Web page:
How to Change the Address of a California Incorporation

by Anna Assad; Updated September 26, 2017

A California corporation's address must be updated with the Secretary of State when a change occurs. The Secretary of State maintains all of the business filings of the corporation, and the corporation must be registered with the state to conduct business legally. A business that fails to update information with the state department when moving to a new address faces fines for missed state deadlines and may not receive important notices.

Items you will need

  • Statement of Information form
  • Filing fee payment
Step 1

Get the Statement of Information form for the corporation type. A corporation with stock must use Form SI–200C and a nonprofit corporation uses Form SI–100. Use Form SI–350 if the corporation was created outside California, referred to as "foreign." Visit the official website of the California Secretary of State to get the information forms online.

Step 2

Complete the form. Follow the provided instructions. You need the corporation name as on file with the California Secretary of State's office, the new principal address, the names and addresses of three officers -- chief, financial and secretary -- and the registered agent. Stock corporations must include the name and address of at least one director, and stock and foreign corporations must include the business nature. The form must be signed and dated with the signor's corporate title given. Make a copy of the form for safekeeping.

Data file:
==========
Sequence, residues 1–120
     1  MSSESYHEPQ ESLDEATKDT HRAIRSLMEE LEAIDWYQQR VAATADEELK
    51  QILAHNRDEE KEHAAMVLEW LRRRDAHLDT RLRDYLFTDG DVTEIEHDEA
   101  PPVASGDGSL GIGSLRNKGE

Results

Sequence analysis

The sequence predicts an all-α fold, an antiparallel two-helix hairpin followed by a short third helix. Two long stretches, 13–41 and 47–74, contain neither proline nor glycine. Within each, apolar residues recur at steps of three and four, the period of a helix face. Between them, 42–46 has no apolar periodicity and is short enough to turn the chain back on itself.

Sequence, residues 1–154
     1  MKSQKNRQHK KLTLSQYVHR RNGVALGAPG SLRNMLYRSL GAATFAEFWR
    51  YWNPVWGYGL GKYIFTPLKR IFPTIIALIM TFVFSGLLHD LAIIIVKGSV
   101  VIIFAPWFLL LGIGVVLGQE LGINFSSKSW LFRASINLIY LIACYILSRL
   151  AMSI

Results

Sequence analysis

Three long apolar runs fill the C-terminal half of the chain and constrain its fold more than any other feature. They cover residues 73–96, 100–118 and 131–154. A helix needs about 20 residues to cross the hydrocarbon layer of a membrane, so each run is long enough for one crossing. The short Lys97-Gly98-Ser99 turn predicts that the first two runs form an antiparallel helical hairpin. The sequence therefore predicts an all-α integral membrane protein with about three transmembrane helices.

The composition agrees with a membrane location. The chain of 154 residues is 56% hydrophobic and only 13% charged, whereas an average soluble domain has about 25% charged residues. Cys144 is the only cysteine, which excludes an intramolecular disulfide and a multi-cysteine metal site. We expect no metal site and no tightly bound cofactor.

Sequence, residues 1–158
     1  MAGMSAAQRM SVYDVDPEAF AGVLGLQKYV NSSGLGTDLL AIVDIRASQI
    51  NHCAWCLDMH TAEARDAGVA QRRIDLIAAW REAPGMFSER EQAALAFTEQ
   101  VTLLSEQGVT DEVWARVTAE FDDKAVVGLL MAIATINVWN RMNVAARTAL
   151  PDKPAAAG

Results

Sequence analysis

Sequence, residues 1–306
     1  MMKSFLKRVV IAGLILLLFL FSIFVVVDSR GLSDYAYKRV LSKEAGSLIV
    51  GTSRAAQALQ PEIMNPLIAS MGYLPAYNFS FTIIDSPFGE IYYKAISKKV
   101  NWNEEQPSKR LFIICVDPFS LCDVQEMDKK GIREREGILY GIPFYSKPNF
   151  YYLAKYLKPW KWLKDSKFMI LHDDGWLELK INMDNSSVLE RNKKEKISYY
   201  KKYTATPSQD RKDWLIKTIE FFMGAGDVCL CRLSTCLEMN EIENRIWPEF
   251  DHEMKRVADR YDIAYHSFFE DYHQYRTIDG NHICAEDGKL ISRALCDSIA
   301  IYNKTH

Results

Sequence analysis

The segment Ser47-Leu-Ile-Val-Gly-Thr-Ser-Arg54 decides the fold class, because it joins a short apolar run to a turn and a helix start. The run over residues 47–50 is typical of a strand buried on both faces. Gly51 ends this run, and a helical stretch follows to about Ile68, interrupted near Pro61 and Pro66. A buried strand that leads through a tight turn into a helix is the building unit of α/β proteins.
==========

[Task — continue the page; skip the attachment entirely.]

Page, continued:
Step 3

Prepare the filing fee payment. Use a check or money order payable to "Secretary of State." The fee for foreign and stock corporations is $25 as of 2011. Nonprofit corporations must submit a $20 fee.

Step 4

Mail the form and the fee to the Secretary of State. All three form types are mailed to: Secretary of State; Statement of Information Unit; PO Box 944230; Sacramento, California 94244-2300.

Tips

  • Change the corporation's address as soon as possible to avoid missing important notices from the Secretary of State.

About the Author

Anna Assad began writing professionally in 1999 and has published several legal articles for various websites. She has an extensive real estate and criminal legal background. She also tutored in English for nearly eight years, attended Buffalo State College for paralegal studies and accounting, and minored in English literature, receiving a Bachelor of Arts.